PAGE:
Karolyn Tyson, Ph.D.
Department of Sociology
University of North Carolina at Chapel Hill
Research Interests & Goals:
Karolyn Tyson is Associate Professor in the Department of Sociology at the University of North Carolina at Chapel Hill. Dr. Tyson joined the faculty of the University of North Carolina at Chapel Hill in July 2001 after two years as a University of North Carolina Minority Postdoctoral Fellow in the department. She received a doctorate in sociology from the University of California, Berkeley in 1999 and a B.A. from Spelman College in 1991.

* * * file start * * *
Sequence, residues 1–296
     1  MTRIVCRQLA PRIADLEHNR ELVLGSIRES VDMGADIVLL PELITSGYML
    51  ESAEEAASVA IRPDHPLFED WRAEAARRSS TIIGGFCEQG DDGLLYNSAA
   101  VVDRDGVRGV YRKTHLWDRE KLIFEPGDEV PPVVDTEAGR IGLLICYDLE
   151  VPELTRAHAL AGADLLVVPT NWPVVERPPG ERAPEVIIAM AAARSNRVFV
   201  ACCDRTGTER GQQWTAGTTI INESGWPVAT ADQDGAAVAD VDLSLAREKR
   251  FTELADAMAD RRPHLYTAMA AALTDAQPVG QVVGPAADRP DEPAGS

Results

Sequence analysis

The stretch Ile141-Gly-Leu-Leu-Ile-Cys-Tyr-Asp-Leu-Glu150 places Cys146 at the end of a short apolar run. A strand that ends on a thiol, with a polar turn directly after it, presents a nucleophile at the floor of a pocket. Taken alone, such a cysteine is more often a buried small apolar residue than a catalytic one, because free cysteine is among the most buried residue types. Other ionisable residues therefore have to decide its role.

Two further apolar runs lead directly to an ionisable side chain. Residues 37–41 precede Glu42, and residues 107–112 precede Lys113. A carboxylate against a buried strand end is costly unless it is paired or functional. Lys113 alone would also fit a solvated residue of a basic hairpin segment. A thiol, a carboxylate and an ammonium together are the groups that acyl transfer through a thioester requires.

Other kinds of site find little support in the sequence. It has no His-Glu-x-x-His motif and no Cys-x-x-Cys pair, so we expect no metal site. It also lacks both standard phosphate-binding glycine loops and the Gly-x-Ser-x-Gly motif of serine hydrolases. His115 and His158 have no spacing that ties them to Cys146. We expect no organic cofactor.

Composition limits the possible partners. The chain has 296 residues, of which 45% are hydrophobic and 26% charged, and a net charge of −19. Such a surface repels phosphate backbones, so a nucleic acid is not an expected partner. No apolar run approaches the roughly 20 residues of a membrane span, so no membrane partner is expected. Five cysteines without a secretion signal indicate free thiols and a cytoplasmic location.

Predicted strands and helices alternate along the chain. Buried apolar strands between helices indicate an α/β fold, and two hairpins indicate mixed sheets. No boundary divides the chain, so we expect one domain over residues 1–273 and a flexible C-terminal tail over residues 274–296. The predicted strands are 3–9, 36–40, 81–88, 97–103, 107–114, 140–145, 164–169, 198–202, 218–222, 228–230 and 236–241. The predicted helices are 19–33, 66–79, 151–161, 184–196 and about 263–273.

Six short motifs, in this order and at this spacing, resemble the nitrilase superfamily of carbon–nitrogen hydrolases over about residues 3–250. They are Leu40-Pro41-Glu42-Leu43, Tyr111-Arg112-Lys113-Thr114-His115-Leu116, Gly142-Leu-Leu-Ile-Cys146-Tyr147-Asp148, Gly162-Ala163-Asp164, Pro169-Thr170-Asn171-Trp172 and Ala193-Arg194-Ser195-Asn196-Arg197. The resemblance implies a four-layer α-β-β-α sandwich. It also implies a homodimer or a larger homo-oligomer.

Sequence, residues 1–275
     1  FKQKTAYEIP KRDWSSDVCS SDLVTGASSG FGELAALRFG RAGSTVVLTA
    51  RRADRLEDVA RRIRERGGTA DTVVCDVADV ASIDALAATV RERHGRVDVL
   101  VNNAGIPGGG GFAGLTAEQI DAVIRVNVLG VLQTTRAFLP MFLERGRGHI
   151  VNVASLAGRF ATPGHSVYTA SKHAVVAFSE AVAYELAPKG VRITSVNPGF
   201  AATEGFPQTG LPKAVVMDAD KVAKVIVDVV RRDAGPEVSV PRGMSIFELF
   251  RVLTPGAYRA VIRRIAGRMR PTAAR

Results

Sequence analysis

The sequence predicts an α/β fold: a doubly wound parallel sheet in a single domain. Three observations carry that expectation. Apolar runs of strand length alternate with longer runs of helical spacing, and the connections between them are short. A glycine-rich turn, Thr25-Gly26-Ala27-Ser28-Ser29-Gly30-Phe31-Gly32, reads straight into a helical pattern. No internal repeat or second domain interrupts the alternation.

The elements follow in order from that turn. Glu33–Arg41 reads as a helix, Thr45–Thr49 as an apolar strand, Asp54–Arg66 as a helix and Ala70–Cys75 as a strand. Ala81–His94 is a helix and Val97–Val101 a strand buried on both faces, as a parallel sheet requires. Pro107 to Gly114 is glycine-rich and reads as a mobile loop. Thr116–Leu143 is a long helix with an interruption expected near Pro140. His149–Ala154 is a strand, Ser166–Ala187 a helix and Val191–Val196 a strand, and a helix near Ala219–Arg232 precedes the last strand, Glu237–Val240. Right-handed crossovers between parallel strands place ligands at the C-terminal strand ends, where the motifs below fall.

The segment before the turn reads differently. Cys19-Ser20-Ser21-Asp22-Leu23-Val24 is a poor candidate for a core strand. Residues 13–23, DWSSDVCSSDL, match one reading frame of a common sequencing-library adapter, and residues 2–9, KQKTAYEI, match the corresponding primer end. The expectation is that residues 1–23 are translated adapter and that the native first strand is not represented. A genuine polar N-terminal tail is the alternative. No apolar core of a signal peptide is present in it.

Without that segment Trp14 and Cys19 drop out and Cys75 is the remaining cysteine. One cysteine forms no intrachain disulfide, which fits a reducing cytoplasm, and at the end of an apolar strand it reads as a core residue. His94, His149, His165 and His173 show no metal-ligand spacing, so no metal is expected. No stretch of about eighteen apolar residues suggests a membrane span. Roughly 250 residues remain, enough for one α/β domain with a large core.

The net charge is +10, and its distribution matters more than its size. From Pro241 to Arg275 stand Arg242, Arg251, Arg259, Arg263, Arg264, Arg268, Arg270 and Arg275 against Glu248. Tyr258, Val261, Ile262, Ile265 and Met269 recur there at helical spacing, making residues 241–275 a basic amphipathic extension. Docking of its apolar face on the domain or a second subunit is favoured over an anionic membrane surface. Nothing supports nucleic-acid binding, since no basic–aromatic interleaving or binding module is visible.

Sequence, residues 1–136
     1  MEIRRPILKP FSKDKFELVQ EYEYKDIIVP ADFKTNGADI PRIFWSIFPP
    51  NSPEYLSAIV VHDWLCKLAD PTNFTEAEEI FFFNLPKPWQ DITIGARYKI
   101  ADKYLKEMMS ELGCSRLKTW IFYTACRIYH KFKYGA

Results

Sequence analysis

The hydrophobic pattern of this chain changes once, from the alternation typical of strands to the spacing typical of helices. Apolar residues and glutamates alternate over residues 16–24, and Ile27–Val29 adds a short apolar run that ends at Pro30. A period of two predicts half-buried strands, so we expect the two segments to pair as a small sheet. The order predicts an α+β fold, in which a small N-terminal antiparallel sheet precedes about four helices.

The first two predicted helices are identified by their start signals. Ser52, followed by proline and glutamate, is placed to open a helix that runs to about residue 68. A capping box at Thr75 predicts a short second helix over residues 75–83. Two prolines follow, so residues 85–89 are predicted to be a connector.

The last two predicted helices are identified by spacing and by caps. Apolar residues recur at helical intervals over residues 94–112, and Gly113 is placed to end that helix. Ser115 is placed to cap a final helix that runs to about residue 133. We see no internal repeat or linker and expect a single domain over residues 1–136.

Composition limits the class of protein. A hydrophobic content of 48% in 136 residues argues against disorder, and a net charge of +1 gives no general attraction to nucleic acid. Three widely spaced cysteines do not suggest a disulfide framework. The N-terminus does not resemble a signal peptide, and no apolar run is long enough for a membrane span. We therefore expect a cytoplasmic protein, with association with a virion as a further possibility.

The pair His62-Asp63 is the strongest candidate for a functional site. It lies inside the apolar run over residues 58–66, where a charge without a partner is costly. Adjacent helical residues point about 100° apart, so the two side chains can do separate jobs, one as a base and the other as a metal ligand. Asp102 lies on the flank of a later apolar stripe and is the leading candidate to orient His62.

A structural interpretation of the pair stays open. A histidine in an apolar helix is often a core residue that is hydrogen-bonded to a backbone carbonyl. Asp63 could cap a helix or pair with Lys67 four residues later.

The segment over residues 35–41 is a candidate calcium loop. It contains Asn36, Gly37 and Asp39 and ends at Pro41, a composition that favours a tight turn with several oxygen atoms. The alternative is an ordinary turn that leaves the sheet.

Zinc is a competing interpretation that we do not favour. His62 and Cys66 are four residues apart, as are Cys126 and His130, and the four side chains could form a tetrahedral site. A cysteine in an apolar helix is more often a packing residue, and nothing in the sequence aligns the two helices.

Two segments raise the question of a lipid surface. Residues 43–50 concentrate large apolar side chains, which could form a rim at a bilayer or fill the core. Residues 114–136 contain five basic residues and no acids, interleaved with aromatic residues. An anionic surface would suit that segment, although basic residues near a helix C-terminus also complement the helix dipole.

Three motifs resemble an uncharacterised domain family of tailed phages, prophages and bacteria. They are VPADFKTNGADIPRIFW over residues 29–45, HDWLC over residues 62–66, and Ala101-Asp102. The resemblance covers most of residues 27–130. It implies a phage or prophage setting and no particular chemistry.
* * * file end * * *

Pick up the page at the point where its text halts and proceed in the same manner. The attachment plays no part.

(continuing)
Dr. Tyson teaches courses on the sociology of education at the graduate and undergraduate levels, a first-year seminar on equality of educational opportunity, and graduate courses on qualitative research methods. She specializes in qualitative research focused on issues related to schooling and inequality. She is particularly interested in understanding the complex interactions between schooling processes and the achievement outcomes of black students. Currently Dr. Tyson is collaborating with a team of researchers on a multi-method, multi-site study examining issues centered on the law, rights consciousness, and legal mobilization in American secondary schools. She has recently completed a book examining how and why black students have come to equate school success with whiteness. Based on more than ten years of research, Integration Interrupted shows how the practice of curriculum tracking in the aftermath of the Brown vs. Board of Education decision contributed to students casting academic achievement as a “white thing.” Dr. Tyson is also working on a study tracing the history of racialized tracking in a suburban school district and the consequences for the district’s black students.